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The ’90s Revisited: X-Factor #109

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xfactor109The Waking

Plot: John Francis Moore
Script: Todd Dezago
Pencils: Jan Duursema
Inks: Al Milgrom
Lettering: Starkings/Comicraft
Colors: Glynis Oliver
Editor: Kelly Corvese
Group Editor: Bob Harras
Published by: Marvel Comics
Cover Date: December 1994
Cover Price: $1.95

While this issue’s cover proclaims itself the start of Legion Quest, it’s still more of a prologue/lead-in than an official chapter…at least in my reading of it. The issue seems to be happening pretty much alongside Uncanny X-Men #319, though its labeling marks an official starting point from back in an age where stories were not “written for the trade” and neatly grouped in 4, 5, or 6 issue arcs with the eye on the collected volume.

The issue opens with Mystique in a hospital room being confronted by a couple members of X-Factor, where David Haller (Legion) has just awoken from a lengthy coma (I believe he’d been in the coma since the final pre-“adjectiveless” X-Men #1 launch). She’s there to kill him for (apparently) having killed Destiny, and X-Factor is there to stop her from murdering the boy. Finding herself outmatched, she makes to escape, vowing to return; and X-Factor pursues. The situation doesn’t go well, and eventually we’re left with Legion leaving the hospital and passing a message from Destiny (or *a* Destiny in his head) to Mystique. Legion then zaps X-Factor away, and leaves, talking about making things better.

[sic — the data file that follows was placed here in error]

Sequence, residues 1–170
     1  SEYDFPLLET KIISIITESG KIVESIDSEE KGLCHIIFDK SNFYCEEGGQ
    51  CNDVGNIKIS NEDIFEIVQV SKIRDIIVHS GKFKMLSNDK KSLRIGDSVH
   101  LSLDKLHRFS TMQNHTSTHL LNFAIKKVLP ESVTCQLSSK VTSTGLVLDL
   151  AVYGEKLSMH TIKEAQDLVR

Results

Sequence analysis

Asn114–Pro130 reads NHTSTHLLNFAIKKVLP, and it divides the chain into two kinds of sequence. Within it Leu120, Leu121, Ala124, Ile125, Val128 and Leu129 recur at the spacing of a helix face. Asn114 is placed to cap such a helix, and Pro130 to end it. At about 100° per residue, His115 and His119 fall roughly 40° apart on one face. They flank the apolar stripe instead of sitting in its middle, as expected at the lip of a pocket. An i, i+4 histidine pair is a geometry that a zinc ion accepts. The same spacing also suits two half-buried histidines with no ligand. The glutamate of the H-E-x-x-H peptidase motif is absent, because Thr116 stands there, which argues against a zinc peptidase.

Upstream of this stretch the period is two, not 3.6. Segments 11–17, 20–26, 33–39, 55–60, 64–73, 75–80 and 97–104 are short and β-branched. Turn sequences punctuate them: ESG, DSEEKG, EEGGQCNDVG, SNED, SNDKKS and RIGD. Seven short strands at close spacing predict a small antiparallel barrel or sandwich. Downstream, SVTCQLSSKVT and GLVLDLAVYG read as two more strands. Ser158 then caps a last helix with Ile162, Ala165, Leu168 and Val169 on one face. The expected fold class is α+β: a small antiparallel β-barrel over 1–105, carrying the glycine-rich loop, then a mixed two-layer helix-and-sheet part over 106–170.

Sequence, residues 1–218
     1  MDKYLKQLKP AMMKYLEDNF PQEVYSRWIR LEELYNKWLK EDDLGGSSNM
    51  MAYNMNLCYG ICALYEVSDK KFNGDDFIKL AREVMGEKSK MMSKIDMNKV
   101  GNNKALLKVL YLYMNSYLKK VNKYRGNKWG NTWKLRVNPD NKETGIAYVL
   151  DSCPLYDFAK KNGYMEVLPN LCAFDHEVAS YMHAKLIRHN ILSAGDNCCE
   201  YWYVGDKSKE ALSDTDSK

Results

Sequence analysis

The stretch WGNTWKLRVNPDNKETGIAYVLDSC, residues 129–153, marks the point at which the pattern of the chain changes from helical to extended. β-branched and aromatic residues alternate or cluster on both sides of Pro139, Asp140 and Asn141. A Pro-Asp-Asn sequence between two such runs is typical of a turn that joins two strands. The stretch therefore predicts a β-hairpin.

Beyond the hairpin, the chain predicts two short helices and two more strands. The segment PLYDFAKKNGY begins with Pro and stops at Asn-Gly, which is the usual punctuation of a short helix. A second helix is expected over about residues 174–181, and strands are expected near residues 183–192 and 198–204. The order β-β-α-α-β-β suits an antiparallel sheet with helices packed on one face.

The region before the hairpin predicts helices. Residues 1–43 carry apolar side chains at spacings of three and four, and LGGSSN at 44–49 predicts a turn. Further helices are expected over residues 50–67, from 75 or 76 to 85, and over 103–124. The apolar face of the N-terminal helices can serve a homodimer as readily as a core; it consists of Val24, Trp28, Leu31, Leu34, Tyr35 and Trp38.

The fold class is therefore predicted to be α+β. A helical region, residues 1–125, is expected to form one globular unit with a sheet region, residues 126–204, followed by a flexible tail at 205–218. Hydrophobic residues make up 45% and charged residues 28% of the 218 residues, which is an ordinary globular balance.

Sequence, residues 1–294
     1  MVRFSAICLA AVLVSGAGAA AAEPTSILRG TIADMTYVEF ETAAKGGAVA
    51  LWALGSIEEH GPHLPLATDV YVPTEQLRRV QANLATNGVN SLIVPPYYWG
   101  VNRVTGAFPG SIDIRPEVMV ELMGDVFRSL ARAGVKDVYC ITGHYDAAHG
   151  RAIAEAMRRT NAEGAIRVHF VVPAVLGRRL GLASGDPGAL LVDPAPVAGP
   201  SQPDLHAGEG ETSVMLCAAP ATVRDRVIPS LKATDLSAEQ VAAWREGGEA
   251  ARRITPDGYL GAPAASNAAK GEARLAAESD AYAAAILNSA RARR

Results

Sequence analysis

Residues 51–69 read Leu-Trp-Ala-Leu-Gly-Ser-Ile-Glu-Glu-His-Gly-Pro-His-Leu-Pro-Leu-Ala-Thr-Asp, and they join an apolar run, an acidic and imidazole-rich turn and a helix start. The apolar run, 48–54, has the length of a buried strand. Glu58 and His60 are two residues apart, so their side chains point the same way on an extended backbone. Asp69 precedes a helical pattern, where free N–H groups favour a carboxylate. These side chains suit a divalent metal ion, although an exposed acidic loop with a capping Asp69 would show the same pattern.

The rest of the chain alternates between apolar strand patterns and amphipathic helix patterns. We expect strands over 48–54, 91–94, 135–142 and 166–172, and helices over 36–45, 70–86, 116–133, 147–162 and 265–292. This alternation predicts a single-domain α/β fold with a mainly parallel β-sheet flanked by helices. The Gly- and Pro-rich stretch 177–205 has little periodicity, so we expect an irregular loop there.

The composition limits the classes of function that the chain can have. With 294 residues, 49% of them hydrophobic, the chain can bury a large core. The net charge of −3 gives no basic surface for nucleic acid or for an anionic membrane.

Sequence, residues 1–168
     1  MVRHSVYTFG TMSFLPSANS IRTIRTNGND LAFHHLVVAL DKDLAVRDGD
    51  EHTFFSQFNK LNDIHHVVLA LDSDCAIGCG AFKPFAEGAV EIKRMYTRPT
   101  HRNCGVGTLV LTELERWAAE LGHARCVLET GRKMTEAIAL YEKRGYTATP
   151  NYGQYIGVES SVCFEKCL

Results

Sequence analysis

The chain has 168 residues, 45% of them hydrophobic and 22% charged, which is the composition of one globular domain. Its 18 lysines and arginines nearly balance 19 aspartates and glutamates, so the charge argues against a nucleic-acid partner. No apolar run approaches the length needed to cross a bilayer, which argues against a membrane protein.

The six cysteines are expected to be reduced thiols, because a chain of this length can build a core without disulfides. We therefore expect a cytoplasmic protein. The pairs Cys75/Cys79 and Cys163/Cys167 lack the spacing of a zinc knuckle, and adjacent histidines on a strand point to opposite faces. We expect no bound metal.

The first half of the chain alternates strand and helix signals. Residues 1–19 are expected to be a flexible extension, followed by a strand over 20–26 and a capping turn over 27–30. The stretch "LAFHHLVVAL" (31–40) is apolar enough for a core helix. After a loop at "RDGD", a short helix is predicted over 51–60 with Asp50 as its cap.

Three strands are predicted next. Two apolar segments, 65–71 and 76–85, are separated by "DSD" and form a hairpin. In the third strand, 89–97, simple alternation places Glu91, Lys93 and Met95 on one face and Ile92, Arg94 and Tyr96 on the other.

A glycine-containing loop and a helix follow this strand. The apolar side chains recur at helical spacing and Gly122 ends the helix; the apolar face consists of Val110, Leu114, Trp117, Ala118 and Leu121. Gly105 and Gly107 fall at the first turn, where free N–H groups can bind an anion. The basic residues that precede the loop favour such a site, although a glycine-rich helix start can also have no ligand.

The art’s a bit iffy for me–not bad, but there were parts (especially panels of Legion himself) that just look weird and exaggerated to me. Overall, no huge issue with the art, but it did distract me at a couple points, taking me out of the story.

The story itself isn’t entirely helpful–to me, it’s a “slice of life” sort of thing, with no “previously” page and not a LOT of context on stuff. At the same time…it’s not really needed…especially not for MY purposes here of reading the issue. This read-through is specifically for the issue being part of the Legion Quest stuff, and not for any specific story otherwise going on in the pages of X-Factor. But there’s plenty to give some context–Legion having killed Destiny, she and Mystique had History together, Forge was there when Destiny was killed, he and Mystique have some recent history, etc.

I really like that there’s some dialogue from Legion that I believe lines up with dialogue in Uncanny X-Men #319…this is the height of what I love about continuity in comics. In that issue, we see Xavier’s side as he dreams he’s interacting with Legion, and here we see Legion’s side, through the eyes of those around him at the time. This does not seem like anything that would truly fly in contemporary comics, from separate series not necessarily intended for collection in the same volume.